Party-Line Voting Makes Scott Brown Part of a Dying Breed in the Senate
By NATE SILVER
Scott P. Brown’s decision not to run in a special Senate race in Massachusetts is a blow to Republican hopes of reclaiming the Senate. Mr. Brown might have had a 50-50 chance of capturing the seat formerly held by Secretary of State John Kerry. But Republicans as popular as Mr. Brown are hard to come by in Massachusetts.
Even 10 years ago, Mr. Brown would not have been quite so much of a novelty; there were considerably more Republican senators serving in blue states like Massachusetts, and more Democratic senators serving in red states, than there are today.
We can define the 18 blue states as those that have been won by Democrats in each presidential election since 2000, and the 22 red states as those that have been carried by Republicans in each election during that period. Ten years ago, there were eight Republicans serving in the Senate from the blue states: Peter Fitzgerald of Illinois, Susan Collins and Olympia Snowe of Maine, Norm Coleman of Minnesota, Gordon H. Smith of Oregon, Arlen Specter and Rick Santorum of Pennsylvania, and Lincoln Chafee of Rhode Island. Only Ms. Collins still holds her Senate seat today. She is joined by three new colleagues (Mark Kirk of Illinois, Pat Toomey of Pennsylvania, and Ron Johnson of Wisconsin) who were elected in the Republican wave year of 2010. But the number of Republican senators in blue states has been cut to four from eight.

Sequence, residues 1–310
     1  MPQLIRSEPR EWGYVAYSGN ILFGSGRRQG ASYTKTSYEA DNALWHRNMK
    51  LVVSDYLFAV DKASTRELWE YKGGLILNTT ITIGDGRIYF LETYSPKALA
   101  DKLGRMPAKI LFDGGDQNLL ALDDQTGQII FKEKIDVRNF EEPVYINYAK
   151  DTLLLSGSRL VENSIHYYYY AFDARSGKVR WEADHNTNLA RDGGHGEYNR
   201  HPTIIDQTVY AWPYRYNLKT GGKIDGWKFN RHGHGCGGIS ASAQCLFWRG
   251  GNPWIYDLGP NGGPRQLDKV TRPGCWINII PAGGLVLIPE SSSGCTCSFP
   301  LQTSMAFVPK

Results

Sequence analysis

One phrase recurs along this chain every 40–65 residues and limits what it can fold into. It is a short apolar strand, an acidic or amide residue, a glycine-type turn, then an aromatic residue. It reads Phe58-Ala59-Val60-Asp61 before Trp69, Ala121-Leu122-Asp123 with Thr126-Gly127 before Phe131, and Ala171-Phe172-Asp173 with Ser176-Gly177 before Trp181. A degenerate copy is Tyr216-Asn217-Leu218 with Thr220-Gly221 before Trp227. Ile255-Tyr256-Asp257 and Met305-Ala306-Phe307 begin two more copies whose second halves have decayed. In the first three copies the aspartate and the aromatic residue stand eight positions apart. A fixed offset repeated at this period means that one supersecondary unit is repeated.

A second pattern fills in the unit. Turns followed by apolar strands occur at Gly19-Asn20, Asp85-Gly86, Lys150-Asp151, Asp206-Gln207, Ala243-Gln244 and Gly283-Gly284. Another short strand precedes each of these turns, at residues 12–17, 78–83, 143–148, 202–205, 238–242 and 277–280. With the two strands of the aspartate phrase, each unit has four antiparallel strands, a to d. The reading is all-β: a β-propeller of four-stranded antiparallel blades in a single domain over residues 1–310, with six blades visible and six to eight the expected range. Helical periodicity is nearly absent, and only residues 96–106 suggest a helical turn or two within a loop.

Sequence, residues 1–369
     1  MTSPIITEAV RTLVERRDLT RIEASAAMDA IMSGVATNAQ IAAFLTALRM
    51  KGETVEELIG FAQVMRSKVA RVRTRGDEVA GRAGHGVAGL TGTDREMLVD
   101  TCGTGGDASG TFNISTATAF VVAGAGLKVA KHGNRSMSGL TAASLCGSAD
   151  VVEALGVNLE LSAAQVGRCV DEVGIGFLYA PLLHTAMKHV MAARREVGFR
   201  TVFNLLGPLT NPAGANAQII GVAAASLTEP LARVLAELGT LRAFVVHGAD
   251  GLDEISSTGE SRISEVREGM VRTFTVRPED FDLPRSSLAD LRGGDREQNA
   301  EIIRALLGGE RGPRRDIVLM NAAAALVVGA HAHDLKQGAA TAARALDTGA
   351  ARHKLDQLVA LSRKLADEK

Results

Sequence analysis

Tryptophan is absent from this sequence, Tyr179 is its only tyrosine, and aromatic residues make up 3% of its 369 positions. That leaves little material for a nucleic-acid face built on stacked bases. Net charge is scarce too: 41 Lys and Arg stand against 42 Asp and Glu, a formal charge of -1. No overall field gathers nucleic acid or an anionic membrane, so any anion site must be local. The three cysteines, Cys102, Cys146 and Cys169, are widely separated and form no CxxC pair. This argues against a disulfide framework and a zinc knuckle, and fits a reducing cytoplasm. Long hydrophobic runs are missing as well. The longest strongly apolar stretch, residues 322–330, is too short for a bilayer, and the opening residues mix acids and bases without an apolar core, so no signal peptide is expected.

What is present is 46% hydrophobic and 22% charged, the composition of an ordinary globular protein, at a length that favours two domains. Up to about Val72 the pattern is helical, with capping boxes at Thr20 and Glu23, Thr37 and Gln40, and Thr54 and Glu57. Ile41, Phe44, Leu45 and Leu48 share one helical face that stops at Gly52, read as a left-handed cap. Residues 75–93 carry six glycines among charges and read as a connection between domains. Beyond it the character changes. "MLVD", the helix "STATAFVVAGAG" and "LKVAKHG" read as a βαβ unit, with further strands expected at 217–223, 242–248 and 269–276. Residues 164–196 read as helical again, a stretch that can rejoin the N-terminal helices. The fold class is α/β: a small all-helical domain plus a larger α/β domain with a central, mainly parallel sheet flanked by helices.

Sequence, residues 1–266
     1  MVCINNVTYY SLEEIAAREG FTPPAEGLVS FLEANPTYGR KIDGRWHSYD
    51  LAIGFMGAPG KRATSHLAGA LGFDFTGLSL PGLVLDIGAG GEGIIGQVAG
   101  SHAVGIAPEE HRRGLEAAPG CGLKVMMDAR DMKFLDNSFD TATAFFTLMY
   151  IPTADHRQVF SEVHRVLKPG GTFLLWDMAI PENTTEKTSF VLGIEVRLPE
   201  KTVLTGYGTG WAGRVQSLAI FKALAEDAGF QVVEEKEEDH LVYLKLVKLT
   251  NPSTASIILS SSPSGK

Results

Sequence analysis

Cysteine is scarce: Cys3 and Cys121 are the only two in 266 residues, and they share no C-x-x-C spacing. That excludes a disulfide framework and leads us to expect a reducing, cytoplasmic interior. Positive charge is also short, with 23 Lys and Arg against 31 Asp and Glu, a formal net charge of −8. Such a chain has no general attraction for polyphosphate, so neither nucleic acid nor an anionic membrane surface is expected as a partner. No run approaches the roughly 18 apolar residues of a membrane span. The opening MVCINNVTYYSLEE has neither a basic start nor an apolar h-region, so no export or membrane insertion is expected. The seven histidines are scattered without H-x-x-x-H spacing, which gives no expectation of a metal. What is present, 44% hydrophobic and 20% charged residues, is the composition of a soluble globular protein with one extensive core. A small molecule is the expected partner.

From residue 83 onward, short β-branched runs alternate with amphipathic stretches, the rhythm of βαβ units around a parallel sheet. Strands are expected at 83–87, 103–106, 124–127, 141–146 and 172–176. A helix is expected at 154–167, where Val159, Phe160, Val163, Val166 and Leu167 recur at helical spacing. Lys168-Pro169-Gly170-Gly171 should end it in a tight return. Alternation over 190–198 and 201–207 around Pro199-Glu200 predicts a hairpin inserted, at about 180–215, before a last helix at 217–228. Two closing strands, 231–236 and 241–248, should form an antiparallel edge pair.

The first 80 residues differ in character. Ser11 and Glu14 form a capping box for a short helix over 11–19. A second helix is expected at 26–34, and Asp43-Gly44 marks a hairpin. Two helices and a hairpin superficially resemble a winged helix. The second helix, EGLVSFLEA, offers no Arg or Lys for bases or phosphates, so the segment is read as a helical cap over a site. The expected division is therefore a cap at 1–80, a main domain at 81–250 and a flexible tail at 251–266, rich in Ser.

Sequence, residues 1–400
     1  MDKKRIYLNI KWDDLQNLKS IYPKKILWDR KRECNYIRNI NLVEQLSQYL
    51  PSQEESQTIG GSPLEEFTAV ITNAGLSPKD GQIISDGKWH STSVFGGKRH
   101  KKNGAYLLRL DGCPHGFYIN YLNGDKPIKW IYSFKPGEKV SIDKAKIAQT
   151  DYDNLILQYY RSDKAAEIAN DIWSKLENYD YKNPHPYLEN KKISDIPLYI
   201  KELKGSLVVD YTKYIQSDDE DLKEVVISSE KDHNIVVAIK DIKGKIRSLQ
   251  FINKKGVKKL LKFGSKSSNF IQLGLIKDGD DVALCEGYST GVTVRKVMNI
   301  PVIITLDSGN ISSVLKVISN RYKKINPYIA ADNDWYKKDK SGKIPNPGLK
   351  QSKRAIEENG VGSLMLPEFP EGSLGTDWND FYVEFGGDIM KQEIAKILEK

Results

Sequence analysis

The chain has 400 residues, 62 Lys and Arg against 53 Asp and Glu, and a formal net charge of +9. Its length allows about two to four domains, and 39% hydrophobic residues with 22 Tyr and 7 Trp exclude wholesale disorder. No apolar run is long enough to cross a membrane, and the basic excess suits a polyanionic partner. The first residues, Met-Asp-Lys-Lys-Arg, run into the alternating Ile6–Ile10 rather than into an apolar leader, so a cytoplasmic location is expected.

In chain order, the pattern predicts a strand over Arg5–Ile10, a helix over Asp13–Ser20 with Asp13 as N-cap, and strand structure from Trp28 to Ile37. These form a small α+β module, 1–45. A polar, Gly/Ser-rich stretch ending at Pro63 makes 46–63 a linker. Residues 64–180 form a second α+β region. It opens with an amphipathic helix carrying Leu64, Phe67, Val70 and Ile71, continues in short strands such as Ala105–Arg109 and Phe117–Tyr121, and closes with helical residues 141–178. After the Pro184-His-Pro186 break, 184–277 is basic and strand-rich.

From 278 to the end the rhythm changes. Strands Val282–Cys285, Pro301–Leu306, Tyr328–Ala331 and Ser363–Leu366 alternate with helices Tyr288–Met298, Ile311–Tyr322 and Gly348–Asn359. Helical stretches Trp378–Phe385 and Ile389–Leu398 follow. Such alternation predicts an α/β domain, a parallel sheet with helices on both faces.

There are more Democratic senators from red states than Republican senators from blue states. But the Democratic figure has been on a gradual decline as well, from 14 senators a decade ago to 10 now.